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Bayesian Transfer Learning for personalised well-being forecasting from scarce, sporadic observations

Christinaki, Eirini (2021) Bayesian Transfer Learning for personalised well-being forecasting from scarce, sporadic observations. PhD thesis, University of Essex.

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Abstract

The research presented in this dissertation has been conducted within the context of the NEVERMIND project. The main objective of this PhD was to explore and propose novel approaches for addressing the challenges associated with creating personalised models and making predictions in real world health-related applications when training is performed incrementally on scarce sporadic biomedical data. A particular challenge was being able to provide reliable personalised predictions in the early stage of data collection when insufficient data are available for training.The solution proposed in this dissertation is centred on Bayesian Transfer Learning techniques that allowed me to make informed predictions even in such challenging conditions by leveraging information coming from other patients. Firstly, I proposed a non-parametric transfer learning approach, which allowed me to make more accurate predictions about a specific patient by combining models trained on other “donor” patients in proportion to how well these models fit the specific patient’s past observations. Secondly, I developed a parametric transfer learning approach, which incorporated a modified prior that accounts for the knowledge available from all other “donor” patients. Finally, I proposed modified versions of the previous two approaches, where I controlled how much information is borrowed for transfer based on the similarity in emotional profiles between the patient under test and each “donor” patient. The results show that the proposed transfer learning methods not only naturally dealt with the uneven, sporadic data in the dataset but also performed very well even in the hardest forecasting scenarios, such as the case where only seven days of data are available, and the system is required to forecast for the next seven days. In general these approaches produced better-suited models for participants with very few sporadic training samples and performed significantly better than a number of competing models.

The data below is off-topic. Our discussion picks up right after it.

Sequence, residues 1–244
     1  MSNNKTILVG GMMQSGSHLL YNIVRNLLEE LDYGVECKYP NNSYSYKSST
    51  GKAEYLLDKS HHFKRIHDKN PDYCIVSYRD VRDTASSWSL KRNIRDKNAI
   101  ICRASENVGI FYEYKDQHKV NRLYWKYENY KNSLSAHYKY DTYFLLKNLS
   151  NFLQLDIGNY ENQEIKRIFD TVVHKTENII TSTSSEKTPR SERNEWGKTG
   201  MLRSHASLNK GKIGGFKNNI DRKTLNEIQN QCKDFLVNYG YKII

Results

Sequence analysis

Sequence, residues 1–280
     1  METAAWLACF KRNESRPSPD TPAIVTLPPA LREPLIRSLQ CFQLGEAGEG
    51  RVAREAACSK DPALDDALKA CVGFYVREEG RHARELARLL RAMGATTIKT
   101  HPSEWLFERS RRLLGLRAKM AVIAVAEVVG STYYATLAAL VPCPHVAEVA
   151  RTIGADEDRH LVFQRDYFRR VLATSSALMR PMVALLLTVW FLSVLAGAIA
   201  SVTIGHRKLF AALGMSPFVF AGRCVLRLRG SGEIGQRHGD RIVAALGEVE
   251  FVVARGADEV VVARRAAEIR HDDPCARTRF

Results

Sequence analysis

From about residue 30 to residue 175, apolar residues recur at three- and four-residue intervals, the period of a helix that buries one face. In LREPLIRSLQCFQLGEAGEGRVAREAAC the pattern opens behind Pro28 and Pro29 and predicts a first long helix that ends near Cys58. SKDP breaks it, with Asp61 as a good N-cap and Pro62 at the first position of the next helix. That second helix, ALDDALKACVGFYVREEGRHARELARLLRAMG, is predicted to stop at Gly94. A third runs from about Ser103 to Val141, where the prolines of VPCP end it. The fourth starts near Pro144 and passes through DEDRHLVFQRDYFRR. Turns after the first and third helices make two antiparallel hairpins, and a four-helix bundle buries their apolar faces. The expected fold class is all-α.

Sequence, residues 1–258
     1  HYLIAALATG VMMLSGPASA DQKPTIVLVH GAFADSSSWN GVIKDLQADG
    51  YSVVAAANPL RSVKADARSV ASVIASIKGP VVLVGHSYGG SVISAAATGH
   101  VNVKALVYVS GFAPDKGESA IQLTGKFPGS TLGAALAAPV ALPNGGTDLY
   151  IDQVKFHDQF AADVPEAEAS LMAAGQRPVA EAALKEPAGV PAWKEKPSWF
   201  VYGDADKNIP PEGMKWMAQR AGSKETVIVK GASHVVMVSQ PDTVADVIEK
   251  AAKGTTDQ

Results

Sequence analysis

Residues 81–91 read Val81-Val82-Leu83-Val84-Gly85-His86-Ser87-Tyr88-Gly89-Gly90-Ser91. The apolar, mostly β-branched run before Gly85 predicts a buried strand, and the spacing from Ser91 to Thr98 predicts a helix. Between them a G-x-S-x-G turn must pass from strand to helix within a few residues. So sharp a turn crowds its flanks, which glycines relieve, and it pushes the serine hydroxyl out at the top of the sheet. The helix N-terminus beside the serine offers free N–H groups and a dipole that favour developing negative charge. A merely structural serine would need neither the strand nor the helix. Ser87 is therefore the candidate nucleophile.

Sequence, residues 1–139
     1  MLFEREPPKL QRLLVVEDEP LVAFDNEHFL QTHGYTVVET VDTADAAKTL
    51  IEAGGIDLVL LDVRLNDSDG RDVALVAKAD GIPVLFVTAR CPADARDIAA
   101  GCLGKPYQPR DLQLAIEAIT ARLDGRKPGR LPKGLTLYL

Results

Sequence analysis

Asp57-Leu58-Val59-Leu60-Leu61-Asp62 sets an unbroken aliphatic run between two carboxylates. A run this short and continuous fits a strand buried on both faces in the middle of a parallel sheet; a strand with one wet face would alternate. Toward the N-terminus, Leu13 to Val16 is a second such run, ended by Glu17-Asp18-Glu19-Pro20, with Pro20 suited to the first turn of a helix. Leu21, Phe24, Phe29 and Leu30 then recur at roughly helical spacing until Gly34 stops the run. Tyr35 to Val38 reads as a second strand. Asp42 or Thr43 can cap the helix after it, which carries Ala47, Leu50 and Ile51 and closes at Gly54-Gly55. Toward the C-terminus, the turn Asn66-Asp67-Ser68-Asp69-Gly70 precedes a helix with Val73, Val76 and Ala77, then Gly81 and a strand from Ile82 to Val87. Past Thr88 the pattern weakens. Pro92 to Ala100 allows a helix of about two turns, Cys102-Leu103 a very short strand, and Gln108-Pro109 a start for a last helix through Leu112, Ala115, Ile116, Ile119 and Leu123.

Item Type: Thesis (PhD)
Subjects: Q Science > QA Mathematics > QA75 Electronic computers. Computer science
Divisions: Faculty of Science and Health > Computer Science and Electronic Engineering, School of
Depositing User: Eirini Christinaki
Date Deposited: 19 Jan 2021 15:55
Last Modified: 27 Jan 2021 11:10
URI: http://repository.essex.ac.uk/id/eprint/29568

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